Fiat boils down to a fundamental principle of existence itself. God didn’t quit on the seventh day. We ourselves have kept on working ever since that seventh day, or else we’ve taken up the role of witnesses, and we continue to construct this world. If things still remained the way God left them on that last and seventh day, that would make for quite a mess! There was much more evil than good, and the world was created in the sign of evil, rather than the sign of good: the little bit of good which we find in the world we have created ourselves.
I'’m not at all sure that fiat is necessarily the Fiat Motor Corporation – the Fabbrica Italiana Automobili Torino. That Fiat has nothing to do with any fiat lux. It was simply the protagonist of an important moment in the industrial development of Italy. And that moment has in fact remained unresolved and has left a lot of gaps behind it.
Personally, I have no further interest in this sort of industry. Or rather, the important thing is not that I myself have no interest in it, but that it no longer matters to all those people whose work is based on a project aiming for a transformation of industrial structures on terms that go beyond a Ford ideology, or the fundamental premises of the modern age.
Neither ideology nor technology can be thought of as objective. Ideologies are in fact an attempt to condition or pre-shape reality. Technology is something that humans have created and it incorporates the fact that it can be commanded, as well as the room to allow for self-expression. What we have to do now is a question of pushing back command structures, and of further promoting expression.
I myself grew up at a time when work still was a matter of producing merchandize with essentially physical tools. It used to be said, for example, that workers have calloused hands. So for me it was quite a shock, in the 1970s, to see these things starting to change dramatically.
But the most important thing that began to change was that the new work force, the younger workers that Fiat was starting to hire, were no longer immigrant workers from the south, those workers who had practically been peasant farmers before being sent to look for jobs in the factories. The new work force consisted of the children of that first generation of Fiat workers; all of them had gone to school, they all had high-school diplomas, and many had gone to college. There had been a real anthropological shift, and the change was quite profound. So, yes, this new generation of workers had no other choice but to wage the battle for better salaries – since money is something you have to have, you cannot live without, a perfectly basic survival tool – but they were starting to put up a fight for more than that. They were beginning to understand that machines could be made in different ways; and that money was more than just a question of basic survival. Their need for money was also a question of being able to continue to study, of a continuing process of education. The dreams and desires of these people had changed very profoundly.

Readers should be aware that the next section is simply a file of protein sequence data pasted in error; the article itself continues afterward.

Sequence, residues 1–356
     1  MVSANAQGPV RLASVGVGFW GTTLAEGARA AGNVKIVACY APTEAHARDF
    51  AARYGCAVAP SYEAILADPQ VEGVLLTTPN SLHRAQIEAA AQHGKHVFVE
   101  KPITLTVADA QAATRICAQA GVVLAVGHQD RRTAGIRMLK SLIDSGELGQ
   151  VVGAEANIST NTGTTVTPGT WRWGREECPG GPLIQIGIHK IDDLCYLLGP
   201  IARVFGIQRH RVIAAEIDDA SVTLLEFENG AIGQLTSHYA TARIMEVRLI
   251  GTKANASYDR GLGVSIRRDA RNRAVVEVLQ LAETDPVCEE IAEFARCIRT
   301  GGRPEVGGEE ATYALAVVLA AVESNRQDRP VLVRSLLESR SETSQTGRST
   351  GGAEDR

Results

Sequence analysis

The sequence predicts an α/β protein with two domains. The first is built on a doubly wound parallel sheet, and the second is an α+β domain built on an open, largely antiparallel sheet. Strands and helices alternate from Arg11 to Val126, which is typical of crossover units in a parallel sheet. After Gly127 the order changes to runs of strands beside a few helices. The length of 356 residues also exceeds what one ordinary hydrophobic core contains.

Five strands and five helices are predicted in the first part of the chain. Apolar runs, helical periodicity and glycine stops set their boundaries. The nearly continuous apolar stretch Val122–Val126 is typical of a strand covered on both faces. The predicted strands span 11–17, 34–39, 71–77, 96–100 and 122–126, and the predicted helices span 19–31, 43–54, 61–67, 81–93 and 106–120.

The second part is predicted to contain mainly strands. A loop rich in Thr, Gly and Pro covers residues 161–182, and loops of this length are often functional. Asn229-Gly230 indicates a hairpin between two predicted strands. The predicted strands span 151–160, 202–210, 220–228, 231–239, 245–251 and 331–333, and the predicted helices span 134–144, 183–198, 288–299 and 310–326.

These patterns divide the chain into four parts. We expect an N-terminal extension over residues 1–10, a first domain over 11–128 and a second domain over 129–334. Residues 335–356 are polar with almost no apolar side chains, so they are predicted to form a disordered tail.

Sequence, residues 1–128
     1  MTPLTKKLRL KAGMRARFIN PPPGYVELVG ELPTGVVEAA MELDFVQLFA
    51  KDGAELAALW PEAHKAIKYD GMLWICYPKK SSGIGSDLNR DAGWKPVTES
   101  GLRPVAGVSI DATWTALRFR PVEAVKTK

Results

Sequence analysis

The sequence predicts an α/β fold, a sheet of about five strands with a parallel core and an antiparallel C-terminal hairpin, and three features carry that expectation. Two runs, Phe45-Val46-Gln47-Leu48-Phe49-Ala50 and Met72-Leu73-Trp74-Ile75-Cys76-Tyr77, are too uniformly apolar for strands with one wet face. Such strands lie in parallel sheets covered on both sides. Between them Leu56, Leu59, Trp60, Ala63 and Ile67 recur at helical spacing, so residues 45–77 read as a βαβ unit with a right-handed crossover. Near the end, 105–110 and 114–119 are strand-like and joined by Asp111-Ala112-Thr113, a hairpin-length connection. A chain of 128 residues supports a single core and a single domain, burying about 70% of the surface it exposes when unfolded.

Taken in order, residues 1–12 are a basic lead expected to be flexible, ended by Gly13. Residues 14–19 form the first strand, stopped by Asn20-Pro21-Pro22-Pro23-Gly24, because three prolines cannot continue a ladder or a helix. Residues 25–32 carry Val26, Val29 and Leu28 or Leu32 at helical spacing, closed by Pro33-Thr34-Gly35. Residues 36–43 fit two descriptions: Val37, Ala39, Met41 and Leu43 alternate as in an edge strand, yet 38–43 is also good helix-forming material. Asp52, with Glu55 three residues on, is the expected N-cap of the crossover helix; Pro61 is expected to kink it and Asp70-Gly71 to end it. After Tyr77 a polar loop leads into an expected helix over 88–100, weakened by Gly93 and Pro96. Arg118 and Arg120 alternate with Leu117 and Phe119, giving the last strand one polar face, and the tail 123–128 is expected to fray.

In the 1970s workers were asking for pay raises, for better salaries, for a redistribution of profits, for a redistribution of the surplus value extracted from their work, from the time they spent at work. Today it’s clear to everybody that salaries are something that has to do with your training and expectations, with the way you live, with the way you’ll grow old and retire, it's a question of the shape your whole life takes. Everything depends on what you're being paid. And the forms of labour activism take this into account: the struggle grows ever more social, and concerns itself, for example, not only with the problem of pay, the salary problem, but also with the problems of war and peace, of the way we conceive of society, of the ecological future, of everything. All these things become elements of the struggle, and the site of the struggle is no longer the factory, or not simply the factory. You no longer take part in the struggle as a member of a single, smallish group of people. You're also a part, and must be a part, of the struggles of a world-wide multitude.